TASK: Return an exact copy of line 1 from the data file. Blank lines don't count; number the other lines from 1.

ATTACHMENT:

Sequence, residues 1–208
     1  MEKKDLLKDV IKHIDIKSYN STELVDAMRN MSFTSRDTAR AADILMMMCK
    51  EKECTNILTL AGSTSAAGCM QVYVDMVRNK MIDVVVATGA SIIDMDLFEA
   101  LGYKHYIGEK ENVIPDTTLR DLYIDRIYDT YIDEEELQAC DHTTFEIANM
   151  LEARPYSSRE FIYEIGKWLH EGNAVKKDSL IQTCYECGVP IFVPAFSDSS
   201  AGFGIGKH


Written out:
Sequence, residues 1–208